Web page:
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With legacy secure, Bellator's Marloes Coenen won't hate on others' success

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It would be easy for Marloes Coenen to view others' success with bitterness.

After all, during this age in which women's mixed martial arts has reached unimaginable levels of visibility, others reap the biggest rewards off the foundation Coenen helped build.

But Coenen, is in the 15th year of her professional fighting journey, and she doesn't want to waste her remaining time in the sport tearing anyone else down.

"I love every minute of this," Coenen told MMAFighting.com. "I'm happy for everyone. I'm not going to begrudge anybody of their success, or their stardom. I'm living my own life and doing my own thing, why would I want to waste my energy with stuff like that?"

Coenen (22-6), who returns to action for Bellator on Friday in Temecula, Calif., when she meets Arlene Blencowe (6-4) in a featherweight bout, got her start as a 19-year-old back in 2000, when there was little money and even less attention paid to the few women who gave the fledgling sport a go in the early days.

"I just did it because I was a martial artist and I enjoyed the chance to see the world and compete," said Coenen, a native of the Netherlands. "I didn't think of it as something that would be a career, I thought by age 30 I'd be married and working an office job somewhere."

A funny thing happened, though. It turned out Coenen was really good at fighting. Coenen became a standout performer in Japan, winning 13 of her first 14 bouts. In what seemed like the blink of an eye, Coenen became one of the first women to make a worldwide impact on the sport.

"There was no one moment where I was like, ‘a-ha, I'm good at this," Coenen said. "Everything just kind of happened in a blur, one win after another. It all happened really fast."

Maybe Coenen never had an "a-ha" moment, but American fans certainly did when they saw her live for the first time. That came on Nov. 7, 2009 in Hoffman Estates, Ill. Coenen carried a big rep among hardcore fans into her Strikeforce debut, and she showed why on the undercard of the Fedor Emelianenko vs. Brett Rogers bout. Coenen used a nasty armbar to make short work of Roxanne Modafferi in a rematch.

"It just seemed like a new adventure to me," said Coenen, who has scored 16 of her career wins via submission. "Strikeforce had already shown they were committed to women's fighting, so it seemed like the time was right to come over to America and show what I could do."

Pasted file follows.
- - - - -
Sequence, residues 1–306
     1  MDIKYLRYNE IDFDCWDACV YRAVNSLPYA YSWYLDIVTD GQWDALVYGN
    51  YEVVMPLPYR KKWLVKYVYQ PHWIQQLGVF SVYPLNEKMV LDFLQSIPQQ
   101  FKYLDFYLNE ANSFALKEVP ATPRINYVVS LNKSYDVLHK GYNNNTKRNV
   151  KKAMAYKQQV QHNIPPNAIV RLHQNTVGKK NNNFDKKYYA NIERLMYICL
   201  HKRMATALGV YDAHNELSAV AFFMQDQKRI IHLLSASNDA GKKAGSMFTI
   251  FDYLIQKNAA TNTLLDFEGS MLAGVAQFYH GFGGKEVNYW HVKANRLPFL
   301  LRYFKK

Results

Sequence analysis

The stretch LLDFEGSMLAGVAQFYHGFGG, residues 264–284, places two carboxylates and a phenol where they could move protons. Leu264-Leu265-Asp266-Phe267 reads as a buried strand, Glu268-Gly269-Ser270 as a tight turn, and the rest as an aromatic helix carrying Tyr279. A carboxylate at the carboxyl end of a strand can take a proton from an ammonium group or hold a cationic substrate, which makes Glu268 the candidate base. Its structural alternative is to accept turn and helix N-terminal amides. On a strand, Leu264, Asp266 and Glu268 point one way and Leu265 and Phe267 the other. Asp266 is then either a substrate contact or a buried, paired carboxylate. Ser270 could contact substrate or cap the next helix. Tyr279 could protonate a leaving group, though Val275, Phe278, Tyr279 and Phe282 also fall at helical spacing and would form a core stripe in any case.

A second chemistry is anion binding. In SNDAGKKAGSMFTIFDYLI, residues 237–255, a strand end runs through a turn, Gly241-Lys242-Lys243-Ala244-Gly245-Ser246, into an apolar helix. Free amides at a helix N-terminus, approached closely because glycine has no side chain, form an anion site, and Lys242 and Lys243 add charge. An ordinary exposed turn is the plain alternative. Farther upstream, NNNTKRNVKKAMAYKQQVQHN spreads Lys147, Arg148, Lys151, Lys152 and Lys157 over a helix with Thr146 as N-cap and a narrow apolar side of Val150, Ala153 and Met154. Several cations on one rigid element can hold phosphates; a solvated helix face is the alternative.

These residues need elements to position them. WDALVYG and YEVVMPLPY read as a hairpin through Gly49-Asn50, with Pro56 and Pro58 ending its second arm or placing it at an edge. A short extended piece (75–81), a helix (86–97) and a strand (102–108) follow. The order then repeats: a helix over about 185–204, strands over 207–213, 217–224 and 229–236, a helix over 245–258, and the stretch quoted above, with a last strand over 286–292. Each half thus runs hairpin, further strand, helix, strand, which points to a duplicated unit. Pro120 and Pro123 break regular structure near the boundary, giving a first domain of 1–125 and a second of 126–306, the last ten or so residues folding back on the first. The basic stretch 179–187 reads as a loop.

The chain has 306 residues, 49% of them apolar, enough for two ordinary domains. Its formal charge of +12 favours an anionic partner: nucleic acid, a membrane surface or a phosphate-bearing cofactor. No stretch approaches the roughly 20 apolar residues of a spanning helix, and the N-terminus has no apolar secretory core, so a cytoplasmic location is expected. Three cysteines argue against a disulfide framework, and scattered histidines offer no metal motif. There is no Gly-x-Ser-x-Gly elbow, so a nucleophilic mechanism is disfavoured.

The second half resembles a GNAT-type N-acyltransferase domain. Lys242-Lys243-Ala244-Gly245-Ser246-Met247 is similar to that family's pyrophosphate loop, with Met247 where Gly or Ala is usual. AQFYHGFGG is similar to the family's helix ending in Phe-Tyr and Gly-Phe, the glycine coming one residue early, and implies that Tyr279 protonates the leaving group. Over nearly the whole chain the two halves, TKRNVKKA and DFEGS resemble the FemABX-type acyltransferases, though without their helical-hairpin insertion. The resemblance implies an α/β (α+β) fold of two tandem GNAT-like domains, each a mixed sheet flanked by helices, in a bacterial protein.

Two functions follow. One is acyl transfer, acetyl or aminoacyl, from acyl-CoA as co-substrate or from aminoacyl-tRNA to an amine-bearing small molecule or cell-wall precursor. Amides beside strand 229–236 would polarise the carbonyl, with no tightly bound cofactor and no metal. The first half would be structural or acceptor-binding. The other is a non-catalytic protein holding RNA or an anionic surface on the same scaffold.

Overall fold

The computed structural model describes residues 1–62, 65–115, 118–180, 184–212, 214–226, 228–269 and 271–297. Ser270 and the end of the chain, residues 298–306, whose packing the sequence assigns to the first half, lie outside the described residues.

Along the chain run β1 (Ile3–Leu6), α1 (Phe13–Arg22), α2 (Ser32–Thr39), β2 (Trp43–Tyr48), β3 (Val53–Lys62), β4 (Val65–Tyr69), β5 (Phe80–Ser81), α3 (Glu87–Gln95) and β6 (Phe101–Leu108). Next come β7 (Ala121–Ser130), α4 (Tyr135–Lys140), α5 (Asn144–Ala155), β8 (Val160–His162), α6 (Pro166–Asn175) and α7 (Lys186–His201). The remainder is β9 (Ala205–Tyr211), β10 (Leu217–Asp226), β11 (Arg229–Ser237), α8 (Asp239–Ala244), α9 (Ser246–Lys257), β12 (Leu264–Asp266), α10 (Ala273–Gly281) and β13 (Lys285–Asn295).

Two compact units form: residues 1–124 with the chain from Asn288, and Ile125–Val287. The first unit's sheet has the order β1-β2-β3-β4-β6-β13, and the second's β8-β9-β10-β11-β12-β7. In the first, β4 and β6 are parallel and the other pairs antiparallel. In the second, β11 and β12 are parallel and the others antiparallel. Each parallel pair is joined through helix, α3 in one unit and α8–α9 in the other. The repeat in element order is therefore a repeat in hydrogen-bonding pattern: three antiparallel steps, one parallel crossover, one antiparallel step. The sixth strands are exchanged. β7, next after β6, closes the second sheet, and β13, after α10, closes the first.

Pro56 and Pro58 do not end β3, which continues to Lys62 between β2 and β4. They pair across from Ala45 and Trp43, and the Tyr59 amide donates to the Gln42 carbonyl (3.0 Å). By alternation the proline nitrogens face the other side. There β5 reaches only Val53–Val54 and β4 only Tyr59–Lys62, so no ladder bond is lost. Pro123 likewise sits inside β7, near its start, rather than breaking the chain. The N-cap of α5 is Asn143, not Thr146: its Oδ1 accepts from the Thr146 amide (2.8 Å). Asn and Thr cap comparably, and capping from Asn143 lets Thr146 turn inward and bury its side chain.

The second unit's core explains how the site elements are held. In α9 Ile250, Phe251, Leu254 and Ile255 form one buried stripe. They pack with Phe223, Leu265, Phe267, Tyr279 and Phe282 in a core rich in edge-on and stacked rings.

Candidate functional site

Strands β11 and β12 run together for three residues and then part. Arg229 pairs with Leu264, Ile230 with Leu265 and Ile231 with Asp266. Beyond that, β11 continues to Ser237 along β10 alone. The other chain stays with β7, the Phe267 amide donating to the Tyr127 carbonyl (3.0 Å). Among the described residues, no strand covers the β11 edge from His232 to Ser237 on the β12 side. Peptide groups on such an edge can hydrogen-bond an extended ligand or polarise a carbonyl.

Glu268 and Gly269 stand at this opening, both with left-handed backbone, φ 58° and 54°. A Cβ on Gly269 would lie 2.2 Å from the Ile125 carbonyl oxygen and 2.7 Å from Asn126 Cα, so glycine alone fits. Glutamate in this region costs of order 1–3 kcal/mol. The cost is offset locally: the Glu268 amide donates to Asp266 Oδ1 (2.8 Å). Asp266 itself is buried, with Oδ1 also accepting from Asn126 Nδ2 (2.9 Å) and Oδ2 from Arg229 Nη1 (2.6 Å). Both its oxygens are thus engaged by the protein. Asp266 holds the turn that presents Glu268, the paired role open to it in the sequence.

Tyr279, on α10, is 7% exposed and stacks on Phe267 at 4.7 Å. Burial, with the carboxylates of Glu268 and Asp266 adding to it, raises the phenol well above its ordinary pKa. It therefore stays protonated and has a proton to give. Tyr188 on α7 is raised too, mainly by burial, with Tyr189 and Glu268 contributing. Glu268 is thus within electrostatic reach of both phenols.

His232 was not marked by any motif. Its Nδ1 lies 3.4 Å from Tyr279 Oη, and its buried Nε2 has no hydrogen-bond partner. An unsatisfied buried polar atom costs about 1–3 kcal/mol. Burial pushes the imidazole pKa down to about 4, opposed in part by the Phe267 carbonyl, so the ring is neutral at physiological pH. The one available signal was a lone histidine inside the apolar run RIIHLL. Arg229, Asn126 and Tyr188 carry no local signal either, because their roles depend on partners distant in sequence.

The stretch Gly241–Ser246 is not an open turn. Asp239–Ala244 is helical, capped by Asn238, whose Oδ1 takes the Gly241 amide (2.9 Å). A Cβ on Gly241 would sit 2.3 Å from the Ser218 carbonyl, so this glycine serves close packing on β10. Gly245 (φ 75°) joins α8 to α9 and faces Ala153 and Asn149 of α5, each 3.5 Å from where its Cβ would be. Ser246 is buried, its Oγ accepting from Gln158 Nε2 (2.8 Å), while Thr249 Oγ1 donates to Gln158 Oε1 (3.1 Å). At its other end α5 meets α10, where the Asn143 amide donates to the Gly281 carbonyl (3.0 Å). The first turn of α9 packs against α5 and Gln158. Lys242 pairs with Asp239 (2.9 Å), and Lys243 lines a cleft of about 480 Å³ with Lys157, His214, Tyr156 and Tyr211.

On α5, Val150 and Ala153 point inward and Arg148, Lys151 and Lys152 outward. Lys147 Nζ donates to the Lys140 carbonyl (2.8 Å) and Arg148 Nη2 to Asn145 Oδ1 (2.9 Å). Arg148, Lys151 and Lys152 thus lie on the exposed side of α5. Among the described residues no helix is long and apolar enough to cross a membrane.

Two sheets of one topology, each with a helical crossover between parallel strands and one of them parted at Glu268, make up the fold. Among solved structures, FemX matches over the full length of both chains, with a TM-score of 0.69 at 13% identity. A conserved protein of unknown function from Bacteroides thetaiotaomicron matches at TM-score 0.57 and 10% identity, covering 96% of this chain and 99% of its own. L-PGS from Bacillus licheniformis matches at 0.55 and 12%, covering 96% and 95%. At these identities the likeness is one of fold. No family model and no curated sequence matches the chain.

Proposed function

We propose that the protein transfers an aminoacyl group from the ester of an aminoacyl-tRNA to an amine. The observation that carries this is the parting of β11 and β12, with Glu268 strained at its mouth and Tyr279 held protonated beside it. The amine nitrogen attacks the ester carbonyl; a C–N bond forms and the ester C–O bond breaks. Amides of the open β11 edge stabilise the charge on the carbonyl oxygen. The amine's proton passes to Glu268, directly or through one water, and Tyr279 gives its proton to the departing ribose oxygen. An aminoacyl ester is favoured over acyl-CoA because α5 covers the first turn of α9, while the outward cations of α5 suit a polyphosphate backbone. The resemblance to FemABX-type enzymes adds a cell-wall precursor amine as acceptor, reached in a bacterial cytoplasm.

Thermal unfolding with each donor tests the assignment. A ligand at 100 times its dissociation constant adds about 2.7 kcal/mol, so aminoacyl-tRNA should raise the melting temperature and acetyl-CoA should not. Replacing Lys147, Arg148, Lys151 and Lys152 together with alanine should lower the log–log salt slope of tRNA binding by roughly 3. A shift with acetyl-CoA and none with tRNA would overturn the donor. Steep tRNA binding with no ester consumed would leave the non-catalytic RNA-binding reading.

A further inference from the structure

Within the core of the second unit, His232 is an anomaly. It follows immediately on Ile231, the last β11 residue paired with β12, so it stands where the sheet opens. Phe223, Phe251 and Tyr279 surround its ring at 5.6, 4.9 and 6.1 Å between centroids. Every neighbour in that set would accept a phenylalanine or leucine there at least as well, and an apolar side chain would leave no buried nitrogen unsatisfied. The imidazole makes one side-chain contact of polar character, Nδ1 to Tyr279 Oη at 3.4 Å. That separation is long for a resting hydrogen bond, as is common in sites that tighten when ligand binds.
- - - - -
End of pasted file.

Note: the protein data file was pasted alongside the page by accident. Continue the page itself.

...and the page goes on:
Though they didn't know it at the time, the women competing in the bantamweight division in Strikeforce were building a belt whose lineage became one of the strongest in the sport, regardless of gender. Coenen submitted Sarah Kaufman in Nov. 2010 to win the title. She successfully defended the belt against Liz Carmouche, before dropping the title in 2011 to Miesha Tate, who in turn lost the belt to Ronda Rousey, who carries the legacy of the Strikeforce belt in the UFC.

"It's funny because at the time, you're not thinking, ‘we're making history,'" Coenen said. "But when you look back at it, you can appreciate what you built. Yes, its true that the people who are just tuning in to watch Ronda now, maybe they don't know what went into building the sport. But some of them will learn, and some of them will understand, and it's nice to know that you were a part of that looking back."

Eyebrows were raised when Coenen signed with Bellator last year. Sure, it made sense in one respect, given that Coenen reunited with former Strikeforce promoter Scott Coker. But Coenen was leaving the established Invicta promotion in favor of a company which had recently divested itself of all it's women's talent and needed to rebuild from the ground up.

A year into her Bellator stint, there still aren't any hints that Bellator is looking to crown women's champions. The way Coenen sees it, with her legacy among the sport's pioneers secure, while it would be great to win another championship, it's not longer the be-all, end-all of her MMA existence.

"No one's told me either way on whether there's going to be a title," Coenen said. "If they make one, that would be great. I would love to earn another world championship before I call it a career. But if they don't, that's okay, too. I love what I do. I love competing today as much as I did 15 years ago. I'm going to do this as long as I'm able to go there and still be good at this."